LONDON, 07 May (Reuters) - Sterling was a touch higher versus the dollar and steadied against the euro on Friday, but was on track for weekly gains against both as traders watched for British election results.
The British currency was unable to hold on to gains made on Thursday after the Bank of England slowed the pace of its trillion-dollar bond-purchasing programme.
The pound was 0.2% higher at $1.3922 versus a weakening dollar at 0834 GMT. It was up to flat against the euro at 86.80 pence.
Traders were looking for evidence of any political risk after Thursday’s elections.
Of most interest to sterling traders is the Scottish election, where the pro-independence ruling Scottish National Party has vowed to call another referendum on breaking away from the United Kingdom if it wins a majority of seats.
Polls put the SNP significantly ahead of rivals but it could fall short of an outright majority. Just over a third of the results will be announced on Friday and the remainder will be announced on Saturday.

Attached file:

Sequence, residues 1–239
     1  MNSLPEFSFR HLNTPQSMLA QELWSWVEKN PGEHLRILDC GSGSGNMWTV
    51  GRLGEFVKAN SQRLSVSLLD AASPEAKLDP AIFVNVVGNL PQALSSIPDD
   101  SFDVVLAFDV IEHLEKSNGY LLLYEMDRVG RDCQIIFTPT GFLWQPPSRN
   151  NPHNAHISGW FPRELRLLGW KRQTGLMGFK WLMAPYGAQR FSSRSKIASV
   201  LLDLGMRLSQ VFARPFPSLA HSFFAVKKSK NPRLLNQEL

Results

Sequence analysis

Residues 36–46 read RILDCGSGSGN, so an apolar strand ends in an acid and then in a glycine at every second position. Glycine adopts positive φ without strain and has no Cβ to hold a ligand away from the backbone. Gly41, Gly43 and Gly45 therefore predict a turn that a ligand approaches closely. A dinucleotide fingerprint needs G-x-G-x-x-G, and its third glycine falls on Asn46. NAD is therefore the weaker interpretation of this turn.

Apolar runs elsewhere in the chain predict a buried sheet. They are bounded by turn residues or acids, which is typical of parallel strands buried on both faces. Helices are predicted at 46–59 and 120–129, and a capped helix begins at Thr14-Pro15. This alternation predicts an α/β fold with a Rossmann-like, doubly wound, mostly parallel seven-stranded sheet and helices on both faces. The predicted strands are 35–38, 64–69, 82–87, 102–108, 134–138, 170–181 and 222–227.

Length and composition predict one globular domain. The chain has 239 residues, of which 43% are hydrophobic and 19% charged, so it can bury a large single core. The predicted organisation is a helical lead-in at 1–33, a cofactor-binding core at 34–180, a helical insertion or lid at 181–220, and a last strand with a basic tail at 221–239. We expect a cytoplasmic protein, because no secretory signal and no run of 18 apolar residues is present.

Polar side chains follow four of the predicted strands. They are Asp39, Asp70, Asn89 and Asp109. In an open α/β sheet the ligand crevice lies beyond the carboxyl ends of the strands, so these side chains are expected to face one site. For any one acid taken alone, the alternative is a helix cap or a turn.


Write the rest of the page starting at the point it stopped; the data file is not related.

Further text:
ING analysts said that a new Scottish referendum “is an event risk that could hold GBP back, but otherwise an optimistic assessment from the BoE yesterday should continue to see GBP supported”.
The BOE predicted a sharper rebound in the British economy thanks to easing COVID-19 restrictions but said it needed clear evidence of a recovery before tightening policy.
It forecast economic growth of 7.25% in 2021, up from a 5% growth forecast in February, while predicting that inflation would remain contained even with the accelerating recovery.
The upgraded growth and inflation forecasts are bringing some comfort for GBP bulls but the sterling rally in the first quarter “has already baked in a lot of good news into the price”, said Jane Foley, head of FX strategy at Rabobank.
Sterling had its best quarter since 2015 versus the euro, gaining around 4.8%. Analysts attributed the move mostly to Britain’s faster vaccine rollout.
But as vaccine push accelerates in the euro zone, Rabobank expects a slow move lower in EUR/GBP to 84.00 pence in the coming month, Foley said.
(Editing by Angus MacSwan)